In Portland last week I visited with Ward Cunningham, whose pragmatic and humane approach to the art of software informs everything he touches: the Wiki, object-oriented, agile, and test-driven programming, the framework for integrated test. (InfoWorld stuff about Ward here, here, and here.) Ward’s living the startup life these days, at aboutus.org, which describes itself as a “socially editable directory of the internet.” Think WHOIS morphed into a Wikipedia where you are not only permitted, but actively encouraged, to write the biography of your company or community.
But that’s not what we mostly talked about. Instead Ward took me behind the scenes at the portal for the Eclipse Foundation. Only members can participate in the workflows accessible through this portal: electing new committers, scheduling project reviews. But it turns out that anybody can explore the portal use cases.
Here’s a simple one: Change Personal Address. This is the part of the system that runs when a member changes facts about his or her address. You can see a test script that exercises this part of the system. You can even run the test script and inspect the results. Try that, and you’ll see that the output interleaves lines of script with renderings of what the users sees: screenshots, emails.
Finally you can swim the test. Here the steps and results are laid out in a table. Time advances as you move down the rows, and there’s a column for every actor in the workflow.
When you hover over an action step or a notification, the corresponding screenshot or email message pops up. This is a great way to visualize a complex email-mediated workflow that can involve many actors, and unfold over many days. But here’s the kicker: the visualization is also available to users, directly from the interface. Here’s the screen that you see when you’re changing your address:
Next to the Save button there’s an Explore link. If you click it, you’ll discover the same swim visualization that anyone, anytime, can explore here. Note the variations, most interestingly the one for the case where the person is a committer, and where the address change either does or does not coincide with a change of employer. If you did change employer, you’re going to get this email informing you that additional paperwork is required:
This isn’t just an innovative approach to software testing and workflow visualization. It’s also a radical statement about business process transparency. For most of us, most of the time, business systems are black boxes whose internal workings we can only discern in the outcomes of our (often painful) interactions with them. But what if you could find out, before pressing the Save button, what’s going on in that black box? And what if your way of finding out wasn’t by reading bogus documentation, but instead by probing the system itself using its own test framework?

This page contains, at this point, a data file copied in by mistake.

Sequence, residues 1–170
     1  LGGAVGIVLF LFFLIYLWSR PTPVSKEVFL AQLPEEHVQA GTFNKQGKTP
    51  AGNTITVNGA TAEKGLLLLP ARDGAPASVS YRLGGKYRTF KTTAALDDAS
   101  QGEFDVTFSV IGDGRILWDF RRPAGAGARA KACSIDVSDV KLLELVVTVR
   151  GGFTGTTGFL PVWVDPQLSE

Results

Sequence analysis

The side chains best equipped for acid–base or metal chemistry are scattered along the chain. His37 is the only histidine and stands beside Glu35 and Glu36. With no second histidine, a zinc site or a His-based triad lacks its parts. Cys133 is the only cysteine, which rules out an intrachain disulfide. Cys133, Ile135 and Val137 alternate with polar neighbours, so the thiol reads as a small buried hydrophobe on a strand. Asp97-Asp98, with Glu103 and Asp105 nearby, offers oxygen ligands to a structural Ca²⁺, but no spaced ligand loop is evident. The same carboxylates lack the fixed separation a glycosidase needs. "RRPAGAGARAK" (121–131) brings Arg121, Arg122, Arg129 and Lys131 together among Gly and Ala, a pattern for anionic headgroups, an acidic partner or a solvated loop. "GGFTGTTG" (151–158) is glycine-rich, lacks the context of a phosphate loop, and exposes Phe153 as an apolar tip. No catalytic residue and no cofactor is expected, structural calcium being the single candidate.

It’s a huge idea. In a blog about this project, Ward writes:
The MyFoundation portal, once again, respects the curiosity and intellect of its users by exposing all aspects of the processes it supports. Who asked for this? No one. No one thought to. That doesn’t mean it isn’t needed.
Brian Marick calls this Visible Workings. He identifies a middle ground, between the traditional GUI presentation and the raw source code that produces it. This middle ground makes the application both explanatory and tinkerable. The portal’s swim diagram is our middle ground. We know it makes our work explanatory and look forward to investigating the tinkerable aspects too.
Online forms have too much in common with income tax forms. Nobody likes filling out either one. Each is a sea of fields, each field another question, one question after another. It is like being interrogated. Can we make filling out a form more like a conversation than an interrogation? The portal’s explore links suggest a way toward this goal. These links let you ask a question every now and then. You get to ask, “why do you ask?” Wouldn’t it be great if you could always do that?